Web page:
A point that arose in my Habits and Beliefs blog, C.V. Horner appears to make a conscious effort to express his beliefs as little as possible. As mentioned in that blog, this is done to provide an impartial account of his life and to avoid offending any of his readers. However, towards the end of his memoir, Horner begins to express his feelings toward the ever-changing world. He sombrely writes: ‘[s]o much for the happy memories of times past and a few things as yet, untouched by time.’ (217)
Horner’s concern with politics is that personal freedom and civilised society will cease to exist, and that at any moment, nuclear war could begin and destroy everything. He says:
Sadly I can for[e]see a day when no man will be allowed to shoot grouse or pheasant in an ultra sophisticated society where such sport might be condemned as un-civilized. By that time, probably the leaders of every nation will be sitting with their fingers constantly on a button, which if pressed could trigger off a nuclear war. A war totally unlike the two I have lived through. A war where the effects of nuclear, or even more advanced weapons, could wipe out at a single stroke, the whole of humanity, and devastate civilisation the world over. What use would all the trappings of an affluent and civilized society be then? We can only hope that eventually more politicians and people start to get their priorities right! (217)
Horner is also troubled by present-day life, as well as what he fears may come. He claims that it is as though the world has turned ‘upside down’ (219) within the space of seventy years. An example he provides regards the rights of tenants, in that it is much more difficult for a landlord to remove a tenant from their property if they wish to do so. He adds that all the changes he sees make everything more complicated; ‘life in general is now a thousand times less simple.’ (219)
The thing that intrigues Horner most about the changing world, however, is that ‘in[ ]spite of such vast changes in standards of living and much increased affluence, no one seems any happier.’ (221) He notes that the younger generations have a sense of nostalgia and a desire to travel back to when he is younger, which he believes can be attributed to the television show ‘“Upstairs & Downstairs”’. (221) However, he believes that this should not be the case, given the improved standards of living we have today and the minimal opportunities that were available when he was young. Horner also attributes the younger generations’ nostalgia to ‘the fact that life was just so much simpler, partially because the alternatives were few.’ (222) He writes: ‘[e]veryone grew up knowing their place in society and very few moved either up or down the social scale. Their lives automatically followed the pattern of whatever type of family circle they grew up in.’ (222) In Horner’s case, it was the circle of gamekeepers, which he claims to have enjoyed.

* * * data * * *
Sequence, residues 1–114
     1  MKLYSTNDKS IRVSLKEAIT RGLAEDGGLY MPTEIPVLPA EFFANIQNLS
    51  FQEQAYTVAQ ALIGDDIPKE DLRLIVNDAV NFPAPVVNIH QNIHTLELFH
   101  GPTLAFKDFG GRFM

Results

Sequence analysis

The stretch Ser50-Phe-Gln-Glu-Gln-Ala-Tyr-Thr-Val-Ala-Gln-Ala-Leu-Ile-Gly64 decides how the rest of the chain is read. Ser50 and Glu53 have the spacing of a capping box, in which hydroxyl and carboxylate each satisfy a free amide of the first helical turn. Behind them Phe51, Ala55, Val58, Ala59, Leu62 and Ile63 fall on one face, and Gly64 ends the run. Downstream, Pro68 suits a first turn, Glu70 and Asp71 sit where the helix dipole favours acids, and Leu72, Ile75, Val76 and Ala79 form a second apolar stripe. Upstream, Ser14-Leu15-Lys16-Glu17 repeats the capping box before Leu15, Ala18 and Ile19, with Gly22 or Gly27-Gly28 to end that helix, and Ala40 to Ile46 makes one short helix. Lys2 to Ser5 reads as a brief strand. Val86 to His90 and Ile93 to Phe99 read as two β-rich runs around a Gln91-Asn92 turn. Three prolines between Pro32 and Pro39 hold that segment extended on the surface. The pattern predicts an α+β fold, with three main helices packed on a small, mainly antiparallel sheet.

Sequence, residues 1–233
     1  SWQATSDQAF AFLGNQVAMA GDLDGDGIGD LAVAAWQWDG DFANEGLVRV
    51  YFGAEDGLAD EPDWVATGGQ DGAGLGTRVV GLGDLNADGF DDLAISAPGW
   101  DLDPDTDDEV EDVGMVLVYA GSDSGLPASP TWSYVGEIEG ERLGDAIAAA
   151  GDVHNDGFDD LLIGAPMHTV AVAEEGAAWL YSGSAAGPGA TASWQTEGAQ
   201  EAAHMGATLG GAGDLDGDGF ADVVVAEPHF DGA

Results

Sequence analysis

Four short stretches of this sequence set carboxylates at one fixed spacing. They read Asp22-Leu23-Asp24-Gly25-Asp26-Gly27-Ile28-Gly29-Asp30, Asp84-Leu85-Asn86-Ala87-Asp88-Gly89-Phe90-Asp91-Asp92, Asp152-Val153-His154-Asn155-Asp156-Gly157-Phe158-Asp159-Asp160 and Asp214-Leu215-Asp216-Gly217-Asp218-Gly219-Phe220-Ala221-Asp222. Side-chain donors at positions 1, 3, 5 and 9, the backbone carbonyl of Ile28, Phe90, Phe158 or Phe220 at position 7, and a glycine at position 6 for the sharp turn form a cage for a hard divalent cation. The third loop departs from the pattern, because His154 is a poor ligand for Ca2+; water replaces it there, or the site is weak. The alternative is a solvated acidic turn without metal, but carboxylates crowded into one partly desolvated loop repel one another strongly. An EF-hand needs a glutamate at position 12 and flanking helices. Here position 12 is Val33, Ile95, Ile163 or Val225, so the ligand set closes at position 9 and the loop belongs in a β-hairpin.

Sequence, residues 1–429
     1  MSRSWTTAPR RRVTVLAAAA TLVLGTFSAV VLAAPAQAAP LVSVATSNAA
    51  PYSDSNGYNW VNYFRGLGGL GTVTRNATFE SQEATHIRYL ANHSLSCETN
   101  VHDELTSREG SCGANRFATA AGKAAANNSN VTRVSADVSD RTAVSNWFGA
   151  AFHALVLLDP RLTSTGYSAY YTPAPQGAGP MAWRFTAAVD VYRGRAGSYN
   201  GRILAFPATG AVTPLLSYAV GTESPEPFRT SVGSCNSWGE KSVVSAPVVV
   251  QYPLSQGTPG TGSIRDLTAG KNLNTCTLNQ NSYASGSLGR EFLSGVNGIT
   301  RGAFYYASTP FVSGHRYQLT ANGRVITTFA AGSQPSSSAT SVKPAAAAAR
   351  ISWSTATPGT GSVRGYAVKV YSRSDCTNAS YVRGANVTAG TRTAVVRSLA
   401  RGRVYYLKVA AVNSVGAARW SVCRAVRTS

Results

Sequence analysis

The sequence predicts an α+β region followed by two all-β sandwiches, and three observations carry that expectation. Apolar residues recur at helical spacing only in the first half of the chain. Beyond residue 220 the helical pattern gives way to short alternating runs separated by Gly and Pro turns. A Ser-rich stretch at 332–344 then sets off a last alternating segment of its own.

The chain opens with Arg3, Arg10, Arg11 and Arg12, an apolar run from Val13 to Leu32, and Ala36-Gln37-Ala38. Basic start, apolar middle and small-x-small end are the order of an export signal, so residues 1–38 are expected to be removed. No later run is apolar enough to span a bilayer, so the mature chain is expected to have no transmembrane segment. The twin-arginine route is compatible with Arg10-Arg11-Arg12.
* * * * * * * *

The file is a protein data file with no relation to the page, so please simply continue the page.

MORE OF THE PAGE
Horner also discusses how the benefits of prosperity have changed over time, particularly how wealth is more evenly distributed now. He claims how the prosperous man of the past would ‘surround himself with a large house and estate and huge private labour force to enable him to live in comfort.’ (224) In comparison: in today’s world, he ‘surrounds himself with a very modern home and endless labour saving gadgets and an expensive car.’ (224) This leads him to ponder if things may one day change again. He writes:
I wonder if, with all the talk of the world’s shortages, the day might dawn when today’s prosperous man might still have the where-with-all to buy fuel for his car and his home heating and the electricity to power labour saving goods, but the fuel, like the private servant, might just not be there to be obtained any longer. (224)
While Horner drifts away from talking about his life as a gamekeeper and his homeland towards talking about the modern world, he retains his impartialness. When expressing his fear of nuclear war, he does not lean towards either political wing, instead declaring that all politicians need to sort their priorities. Perhaps the only subjectivity that Horner shows is the changing simplicity of life, in that he feels the world has become unnecessarily complicated, although he also states that there are far more opportunities in today’s world than there ever were.
- Burnett, John, David Vincent and David Mayall. Ed. ‘C.V. Horner.’ The Autobiography of the Working Class: An Annotated, Critical Bibliography 1790-1945. 3 vols. Brighton: Harvester, 1984, 1987, 1989: 2:422.
- Featured Image: A view towards Grassington (Macs Adventure).